A key Silicon Valley lesson that all brokers must learn
What exactly is a network effect?
Simply defined, a business enjoys a network effect when every additional customer or user increases the overall value of its product or service.
Many of the largest, most prolific companies in tech and beyond thrive on core network effects that help them grow and benefit from powerful barriers to entry. This is why Silicon Valley venture capital firms covet companies with network effects: they offer exponential promise, and outsized financial return.
Let’s take a look at network-driven growth through an old-school example — the fax machine. A single fax machine is useless, but as each additional fax machine joins the fray, every fax machine gains the ability to send documents to more and more people. Even more people buy fax machines since the value of the fax network is even greater.
Marketplaces such as the NYSE, social networks such as Facebook and even games such as progressive slots leverage a similar effect.
Network effects are also critical in ensuring the defensibility of a business.
Take the battle between iPhone and Android. One of Apple’s most effective weapons in this competition has nothing to do with design, functionality or price: it’s the fact that iMessage and FaceTime are exclusive to iPhones. Since iPhone users can’t switch to Android without severely disrupting their communication habits, the cost to change is high.
The success of professional organizations such as bar associations in the legal field, the survival of design-challenged websites such as Craigslist and even the ubiquity of standards such as 2×4 lumber arise from the defensive nature of network effects.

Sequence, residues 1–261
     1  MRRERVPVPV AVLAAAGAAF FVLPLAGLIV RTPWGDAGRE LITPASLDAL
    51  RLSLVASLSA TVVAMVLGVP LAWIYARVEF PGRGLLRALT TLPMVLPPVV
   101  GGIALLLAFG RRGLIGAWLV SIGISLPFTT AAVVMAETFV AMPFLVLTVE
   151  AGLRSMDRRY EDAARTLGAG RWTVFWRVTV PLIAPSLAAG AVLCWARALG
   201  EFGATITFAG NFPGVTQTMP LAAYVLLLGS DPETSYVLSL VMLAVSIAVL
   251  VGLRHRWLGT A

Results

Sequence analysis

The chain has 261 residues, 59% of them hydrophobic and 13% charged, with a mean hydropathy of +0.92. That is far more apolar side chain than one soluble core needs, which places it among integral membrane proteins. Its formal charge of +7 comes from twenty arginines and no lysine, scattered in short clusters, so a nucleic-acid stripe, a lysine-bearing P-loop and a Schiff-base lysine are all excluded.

Why does it matter to my brokerage?
Real estate harbors a basic network effect where every new listing increases the market’s value to buyers, and every buyer increases the market’s value for sellers. As the driver of additional supply and demand, and the facilitator of eventual transactions, brokers and agents are ultimately in control of this network effect, at least for now.
The power of real estate’s network effects isn’t lost to the next generation of tech companies. Looking at the success of recent alt-brokerages and disintermediary startups, one thing is clear: If brokerages aren’t able to lock down their network effects, it’s only a matter of time before someone else will.
Network effects are possible in a brokerage, but 99 percent of brokers aren’t making the connections necessary to take advantage of them. So how can brokers lock down their network effect? More often than not, the key is taking control of and leveraging data. In the real estate market, data reflects the two sides of the market: the supply side through listings and the demand side through buyer data. Because listing data is publicly available, buyer data represents brokers’ real estate network effect battleground.
Buyer data helps brokerages grow and defend as well. By using the data in listing or recruiting conversations, brokerages can attract more sellers and agents, and by providing tech tools that leverage that data for better consumer experiences, it prevents leakage of both customers and agents who depend on that data.
Therefore, brokerages can effect a two-sided strategy when they deploy technology and resources to harvest and control their buyer data. It’s not only an urgent priority in 2017, it’s the only way brokerages can truly future-proof their businesses.